Eleventh Sunday after Pentecost—12 August AD 2007
and the Sacraments.
The Gospel which you have received; wherein you stand; by which you will be
saved if you hold fast after the manner in which I preached it to you.”
Ordinary of the Mass
today's terms we can quite easily call St. Paul a
"traditionalist." He certainly would rail against today's
Modernist heretics, who claim that truth and even God Himself are in a
continuous state of change and development. In today's epistle he tells
the Corinthians that their salvation depends upon remaining faithful to the
Gospel as it was preached to them. He is even more emphatic in his Epistle
to the Galatians, in which he says, “If anyone ... even an angel from heaven
... preach a gospel to you other than the one that which you have received, let
him be anathema!”—literally, “let him be damned!”
Paul recognizes that he is being dogmatic—that he is telling people what they
must believe and what they must not believe. So he is careful to
demonstrate that he is asking them to believe not on his own authority, but on
the authority of Jesus Christ, the Son of God. And further, he
demonstrates to them that the religion of Jesus Christ is eminently worthy of
belief. This Jesus died for our sins, but came back to life by His own
power in the Resurrection on the third day. And, again, he assures them
that they are hearing this not just by way of hearsay, but on the testimony of
those who knew Jesus personally, and on the testimony of hundreds of other
this epistle, Paul tells the Corinthians many things, but one that stands out is
the need to avoid the false worship of unbelievers; and even more importantly,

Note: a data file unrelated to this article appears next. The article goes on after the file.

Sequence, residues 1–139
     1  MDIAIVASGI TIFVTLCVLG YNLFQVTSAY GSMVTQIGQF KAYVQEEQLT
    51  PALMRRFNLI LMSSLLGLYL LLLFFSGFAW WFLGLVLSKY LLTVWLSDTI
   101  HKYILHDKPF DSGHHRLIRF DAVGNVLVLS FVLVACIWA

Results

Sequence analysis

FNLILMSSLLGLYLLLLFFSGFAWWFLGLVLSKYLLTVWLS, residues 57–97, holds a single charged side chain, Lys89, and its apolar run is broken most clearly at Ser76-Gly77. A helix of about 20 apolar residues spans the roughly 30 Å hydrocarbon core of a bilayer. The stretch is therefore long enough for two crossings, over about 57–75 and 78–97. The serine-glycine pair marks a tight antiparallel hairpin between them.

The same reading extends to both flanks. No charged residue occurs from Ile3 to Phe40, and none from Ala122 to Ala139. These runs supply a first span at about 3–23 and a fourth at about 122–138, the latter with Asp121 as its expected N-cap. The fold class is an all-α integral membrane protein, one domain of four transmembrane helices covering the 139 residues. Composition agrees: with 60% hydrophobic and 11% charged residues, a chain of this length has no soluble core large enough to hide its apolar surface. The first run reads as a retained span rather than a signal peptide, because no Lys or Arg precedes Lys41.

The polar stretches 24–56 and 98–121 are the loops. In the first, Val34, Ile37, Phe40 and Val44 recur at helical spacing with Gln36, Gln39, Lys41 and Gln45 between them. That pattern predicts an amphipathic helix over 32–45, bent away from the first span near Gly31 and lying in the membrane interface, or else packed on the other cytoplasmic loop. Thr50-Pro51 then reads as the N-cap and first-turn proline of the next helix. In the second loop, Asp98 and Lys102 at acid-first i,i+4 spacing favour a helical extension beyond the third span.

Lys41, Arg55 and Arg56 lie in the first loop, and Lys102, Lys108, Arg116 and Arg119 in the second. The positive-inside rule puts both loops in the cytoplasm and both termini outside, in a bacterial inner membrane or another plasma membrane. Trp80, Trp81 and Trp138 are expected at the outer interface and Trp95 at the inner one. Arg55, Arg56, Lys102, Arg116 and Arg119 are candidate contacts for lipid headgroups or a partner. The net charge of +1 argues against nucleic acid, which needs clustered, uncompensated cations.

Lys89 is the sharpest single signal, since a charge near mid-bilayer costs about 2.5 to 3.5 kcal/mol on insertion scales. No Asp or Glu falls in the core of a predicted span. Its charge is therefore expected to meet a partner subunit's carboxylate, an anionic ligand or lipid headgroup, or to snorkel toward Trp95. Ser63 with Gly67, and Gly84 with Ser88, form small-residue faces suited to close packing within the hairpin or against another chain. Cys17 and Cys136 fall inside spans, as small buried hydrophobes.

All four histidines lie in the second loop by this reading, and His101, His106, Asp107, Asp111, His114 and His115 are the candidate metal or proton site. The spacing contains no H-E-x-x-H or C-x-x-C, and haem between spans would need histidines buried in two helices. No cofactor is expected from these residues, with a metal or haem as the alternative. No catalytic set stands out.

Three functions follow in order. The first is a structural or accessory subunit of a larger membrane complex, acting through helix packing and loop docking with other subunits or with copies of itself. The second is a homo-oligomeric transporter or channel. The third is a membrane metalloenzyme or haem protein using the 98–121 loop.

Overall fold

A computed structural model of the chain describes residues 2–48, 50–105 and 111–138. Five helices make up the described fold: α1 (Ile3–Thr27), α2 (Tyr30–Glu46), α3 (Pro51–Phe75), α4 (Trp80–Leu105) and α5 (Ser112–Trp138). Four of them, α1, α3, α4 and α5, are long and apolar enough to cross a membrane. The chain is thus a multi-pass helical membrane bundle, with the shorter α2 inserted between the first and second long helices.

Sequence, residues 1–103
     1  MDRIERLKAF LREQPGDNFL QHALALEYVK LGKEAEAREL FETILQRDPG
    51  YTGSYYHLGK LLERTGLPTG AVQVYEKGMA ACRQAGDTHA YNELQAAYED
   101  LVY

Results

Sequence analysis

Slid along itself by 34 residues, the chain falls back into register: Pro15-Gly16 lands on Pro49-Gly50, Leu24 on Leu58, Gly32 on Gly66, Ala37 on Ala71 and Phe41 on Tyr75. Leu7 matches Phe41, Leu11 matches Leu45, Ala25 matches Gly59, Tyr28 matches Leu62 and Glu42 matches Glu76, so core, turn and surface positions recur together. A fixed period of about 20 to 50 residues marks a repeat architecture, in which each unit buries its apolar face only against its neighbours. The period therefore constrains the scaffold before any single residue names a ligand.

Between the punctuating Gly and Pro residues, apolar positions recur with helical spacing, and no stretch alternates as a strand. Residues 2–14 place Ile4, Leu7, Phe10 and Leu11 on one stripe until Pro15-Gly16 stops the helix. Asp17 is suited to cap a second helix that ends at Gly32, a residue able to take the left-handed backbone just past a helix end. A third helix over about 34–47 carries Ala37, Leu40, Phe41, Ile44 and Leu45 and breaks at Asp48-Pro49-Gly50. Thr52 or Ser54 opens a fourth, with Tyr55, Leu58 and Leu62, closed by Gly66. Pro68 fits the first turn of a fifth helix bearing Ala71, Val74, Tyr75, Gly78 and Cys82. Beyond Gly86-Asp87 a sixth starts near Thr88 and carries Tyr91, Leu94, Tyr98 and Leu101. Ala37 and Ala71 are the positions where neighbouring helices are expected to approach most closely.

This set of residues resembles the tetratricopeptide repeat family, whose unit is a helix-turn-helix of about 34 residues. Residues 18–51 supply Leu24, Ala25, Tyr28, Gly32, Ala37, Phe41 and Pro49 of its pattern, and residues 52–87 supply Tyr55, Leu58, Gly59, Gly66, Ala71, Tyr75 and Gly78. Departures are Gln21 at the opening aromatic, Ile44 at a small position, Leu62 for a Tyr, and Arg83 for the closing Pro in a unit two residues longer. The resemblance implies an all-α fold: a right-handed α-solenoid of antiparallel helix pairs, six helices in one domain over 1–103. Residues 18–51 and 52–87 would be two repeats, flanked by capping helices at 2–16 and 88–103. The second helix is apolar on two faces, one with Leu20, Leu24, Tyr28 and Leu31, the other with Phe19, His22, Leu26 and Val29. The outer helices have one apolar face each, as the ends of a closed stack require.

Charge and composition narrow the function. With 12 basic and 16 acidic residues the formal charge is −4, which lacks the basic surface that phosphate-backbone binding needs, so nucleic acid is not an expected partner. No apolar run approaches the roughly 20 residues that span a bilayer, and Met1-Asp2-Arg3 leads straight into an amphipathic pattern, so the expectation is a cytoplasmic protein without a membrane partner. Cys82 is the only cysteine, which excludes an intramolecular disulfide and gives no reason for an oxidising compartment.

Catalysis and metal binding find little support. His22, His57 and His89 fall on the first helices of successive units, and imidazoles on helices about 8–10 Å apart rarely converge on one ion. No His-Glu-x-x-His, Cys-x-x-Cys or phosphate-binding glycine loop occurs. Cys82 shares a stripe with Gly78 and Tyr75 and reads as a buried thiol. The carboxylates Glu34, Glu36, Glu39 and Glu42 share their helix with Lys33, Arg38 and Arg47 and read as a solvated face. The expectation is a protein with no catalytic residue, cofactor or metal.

to partake frequently of the Sacraments instituted by Jesus Christ. He
places great emphasis on the fact that after the priest consecrates bread and
wine with a specific set of words, these two elements are truly the Body and
Blood of Christ—so much so that if we eat and drink them without the proper
dispositions we will eat and drink damnation to ourselves.
Sacraments (of which Holy Communion is one) play a very important part in the
religion of Paul, because his is the religion of Jesus Christ, which cannot be
changed; even with the passing of thousands or tens of thousands of years.
we have heard of our Lord introducing the sacramental principle to His
Since He created us, He knows that we are both material and spiritual in our
natures—and that, in order to communicate spiritual realities to us, often He
must do so with physical means. As the Son of God, Jesus could have cured
this deaf and dumb man simply by wanting him cured; a simple resolution in His
mind. But in order to demonstrate the connection between the spirituality
of the mind of God and the earthly world of human beings, He took earthly matter
and uttered human words to effect the cure of this poor deaf and dumb man.
see the same thing in each of the Sacraments; 1) someone with the
appropriate power; 2) intends to do for someone else what is desired in